Nancy earned a B.A. in Sociology from the University of Mary Washington and completed the Education for Ministry program through Sewanee, the University of the South. She is married and has three adult children, five grandchildren, a dog and two cats.
John Tucker served as Chief Staff Attorney of the Court of Appeals of Virginia from 1990 until his retirement in 2018. In 2012, he was ordained as a Deacon for the Catholic Diocese of Richmond and since that time has served at St. Paul’s Catholic Church in Richmond. John is a native Richmonder who received a B.S. from the University of Virginia in 1981, a J.D. from the University of Richmond in 1985, and a M.A. in Theology from St. Leo University in 2012. He is married and has two grown children.
Kent retired in 2012 after a 25-year career at the ACLU of Virginia, the last 23 as its executive director. Prior to that he worked for nearly ten years at Housing Opportunities Made Equal in Richmond, the last four years as its executive director. A Hampton native, he is a graduate of the College of William and Mary with an A.B. in philosophy. Kent recently served two terms on the Virginia State Board of Social Services from 2014 to 2022. He currently lives with his wife Sheila Crowley in Mathews County where he is active with the local NAACP and a volunteer for Meals on Wheels. He considers himself an expert at erecting large political campaign signs that withstand inclement weather and remain perfectly level.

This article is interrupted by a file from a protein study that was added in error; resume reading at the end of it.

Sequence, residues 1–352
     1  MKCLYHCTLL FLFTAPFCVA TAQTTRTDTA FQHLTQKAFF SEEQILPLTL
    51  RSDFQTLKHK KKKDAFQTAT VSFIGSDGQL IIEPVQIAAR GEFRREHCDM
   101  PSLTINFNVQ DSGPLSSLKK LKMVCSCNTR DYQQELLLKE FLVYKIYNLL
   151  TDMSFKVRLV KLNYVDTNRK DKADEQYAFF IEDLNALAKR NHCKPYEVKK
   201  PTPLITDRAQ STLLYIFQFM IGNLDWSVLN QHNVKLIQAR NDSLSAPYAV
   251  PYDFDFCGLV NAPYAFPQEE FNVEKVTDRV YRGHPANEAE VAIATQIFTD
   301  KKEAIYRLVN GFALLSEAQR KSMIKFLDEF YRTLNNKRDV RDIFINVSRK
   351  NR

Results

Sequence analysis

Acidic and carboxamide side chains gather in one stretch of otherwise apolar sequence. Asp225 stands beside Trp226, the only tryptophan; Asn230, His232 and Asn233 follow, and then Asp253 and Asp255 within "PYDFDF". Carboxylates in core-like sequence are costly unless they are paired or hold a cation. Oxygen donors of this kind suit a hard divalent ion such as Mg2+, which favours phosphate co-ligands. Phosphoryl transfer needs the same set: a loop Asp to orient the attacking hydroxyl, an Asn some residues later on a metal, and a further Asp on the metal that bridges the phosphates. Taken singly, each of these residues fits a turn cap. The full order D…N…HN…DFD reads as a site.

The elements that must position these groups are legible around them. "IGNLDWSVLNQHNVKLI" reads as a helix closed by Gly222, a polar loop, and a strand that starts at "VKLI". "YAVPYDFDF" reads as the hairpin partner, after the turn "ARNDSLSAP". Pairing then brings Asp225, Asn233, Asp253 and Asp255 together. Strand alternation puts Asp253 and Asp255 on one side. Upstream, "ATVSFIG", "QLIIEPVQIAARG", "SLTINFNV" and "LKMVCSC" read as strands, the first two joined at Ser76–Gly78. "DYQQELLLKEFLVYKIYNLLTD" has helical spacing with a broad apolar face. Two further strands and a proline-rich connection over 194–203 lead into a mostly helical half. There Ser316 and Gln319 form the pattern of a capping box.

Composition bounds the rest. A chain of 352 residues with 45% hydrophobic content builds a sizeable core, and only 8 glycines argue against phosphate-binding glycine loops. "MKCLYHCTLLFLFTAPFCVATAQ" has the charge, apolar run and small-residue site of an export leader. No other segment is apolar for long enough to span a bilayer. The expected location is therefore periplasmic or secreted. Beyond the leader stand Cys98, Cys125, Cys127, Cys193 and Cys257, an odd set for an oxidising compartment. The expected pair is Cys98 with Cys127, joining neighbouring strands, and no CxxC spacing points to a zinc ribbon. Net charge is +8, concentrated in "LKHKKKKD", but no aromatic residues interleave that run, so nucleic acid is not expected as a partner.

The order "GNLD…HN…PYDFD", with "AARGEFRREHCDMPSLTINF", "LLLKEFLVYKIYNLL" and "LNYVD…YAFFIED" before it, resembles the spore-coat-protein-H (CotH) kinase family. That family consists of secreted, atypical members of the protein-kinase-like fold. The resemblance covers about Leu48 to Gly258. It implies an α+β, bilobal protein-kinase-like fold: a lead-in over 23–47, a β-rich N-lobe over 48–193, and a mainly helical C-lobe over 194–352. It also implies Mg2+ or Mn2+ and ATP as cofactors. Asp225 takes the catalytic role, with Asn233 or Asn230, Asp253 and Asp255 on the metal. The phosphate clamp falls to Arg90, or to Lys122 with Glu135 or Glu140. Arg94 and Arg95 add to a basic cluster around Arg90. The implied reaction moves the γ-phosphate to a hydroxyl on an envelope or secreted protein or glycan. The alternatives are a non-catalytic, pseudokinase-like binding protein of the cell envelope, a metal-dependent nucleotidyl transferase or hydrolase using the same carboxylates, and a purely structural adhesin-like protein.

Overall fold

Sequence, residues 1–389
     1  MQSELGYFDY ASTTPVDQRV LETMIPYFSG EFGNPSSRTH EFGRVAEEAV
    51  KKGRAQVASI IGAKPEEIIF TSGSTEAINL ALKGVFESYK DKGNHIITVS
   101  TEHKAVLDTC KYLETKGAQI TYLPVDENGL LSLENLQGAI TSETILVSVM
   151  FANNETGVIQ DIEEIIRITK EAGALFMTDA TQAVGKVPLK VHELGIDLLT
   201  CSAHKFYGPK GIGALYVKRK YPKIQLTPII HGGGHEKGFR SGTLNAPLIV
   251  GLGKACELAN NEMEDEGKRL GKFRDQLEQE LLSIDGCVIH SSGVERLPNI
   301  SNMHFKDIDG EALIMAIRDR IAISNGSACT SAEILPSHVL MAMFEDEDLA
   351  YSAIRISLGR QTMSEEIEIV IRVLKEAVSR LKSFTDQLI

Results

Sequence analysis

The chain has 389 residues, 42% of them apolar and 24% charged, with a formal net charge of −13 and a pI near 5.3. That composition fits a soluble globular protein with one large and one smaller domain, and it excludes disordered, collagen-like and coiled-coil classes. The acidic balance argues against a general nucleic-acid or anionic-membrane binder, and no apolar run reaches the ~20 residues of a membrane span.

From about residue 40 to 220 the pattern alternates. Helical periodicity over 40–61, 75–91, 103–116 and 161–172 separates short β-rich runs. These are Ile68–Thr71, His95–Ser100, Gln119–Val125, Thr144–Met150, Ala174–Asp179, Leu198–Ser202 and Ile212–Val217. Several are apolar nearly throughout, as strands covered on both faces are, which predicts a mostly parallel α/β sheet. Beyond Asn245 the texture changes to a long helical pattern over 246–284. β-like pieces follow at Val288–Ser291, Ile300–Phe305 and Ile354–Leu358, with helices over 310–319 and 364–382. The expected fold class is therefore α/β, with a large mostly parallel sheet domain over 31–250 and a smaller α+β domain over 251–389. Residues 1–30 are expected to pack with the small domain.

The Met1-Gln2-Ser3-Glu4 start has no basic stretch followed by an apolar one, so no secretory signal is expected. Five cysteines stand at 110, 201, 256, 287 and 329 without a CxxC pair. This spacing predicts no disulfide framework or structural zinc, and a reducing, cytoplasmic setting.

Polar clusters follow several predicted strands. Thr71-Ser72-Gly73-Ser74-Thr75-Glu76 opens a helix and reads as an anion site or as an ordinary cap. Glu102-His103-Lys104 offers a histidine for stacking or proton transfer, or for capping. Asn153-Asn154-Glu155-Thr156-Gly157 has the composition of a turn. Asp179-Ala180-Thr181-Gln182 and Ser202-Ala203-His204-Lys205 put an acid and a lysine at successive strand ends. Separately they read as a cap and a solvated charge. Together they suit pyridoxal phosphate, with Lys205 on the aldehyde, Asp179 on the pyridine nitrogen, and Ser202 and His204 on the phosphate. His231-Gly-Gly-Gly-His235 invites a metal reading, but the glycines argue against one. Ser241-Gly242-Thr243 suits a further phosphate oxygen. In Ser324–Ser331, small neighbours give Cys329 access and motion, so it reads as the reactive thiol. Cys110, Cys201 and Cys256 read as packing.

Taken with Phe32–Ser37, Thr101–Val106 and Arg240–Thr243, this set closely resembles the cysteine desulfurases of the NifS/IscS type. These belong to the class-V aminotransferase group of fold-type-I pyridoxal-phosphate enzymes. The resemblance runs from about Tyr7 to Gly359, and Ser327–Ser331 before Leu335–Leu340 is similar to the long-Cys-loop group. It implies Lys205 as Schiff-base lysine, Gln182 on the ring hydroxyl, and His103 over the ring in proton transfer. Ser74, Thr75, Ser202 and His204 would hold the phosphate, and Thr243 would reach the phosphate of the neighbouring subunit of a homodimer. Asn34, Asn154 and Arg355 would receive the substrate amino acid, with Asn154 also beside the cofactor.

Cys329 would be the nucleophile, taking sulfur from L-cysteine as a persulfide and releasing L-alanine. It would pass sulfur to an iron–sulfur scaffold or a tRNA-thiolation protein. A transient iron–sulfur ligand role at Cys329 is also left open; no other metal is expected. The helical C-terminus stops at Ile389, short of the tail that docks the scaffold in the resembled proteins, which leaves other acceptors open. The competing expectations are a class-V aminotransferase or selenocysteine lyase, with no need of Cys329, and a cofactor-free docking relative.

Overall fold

Gerald Zerkin grew up in Queens, NY and Bethesda Maryland. He received his B.A. from Brandeis University in 1971, his M.A. from U.Va. in Art History in 1975 and his J.D. from Boston College Law School in 1976.
He has practiced law in Richmond since 1976, in private practice, specializing in civil rights, criminal defense, and habeas corpus, and with the Federal Public Defender, and as Capital Resource Counsel, always with an emphasis on capital cases. He represented 15 Virginia death row inmates and numerous federal capital defendants.
He has received the Harry Carrico Professionalism Award from the Criminal Law Section of the Virginia State Bar and the Thomas More Award from Boston College L.S. He is a Fellow of American College of Trial Lawyers.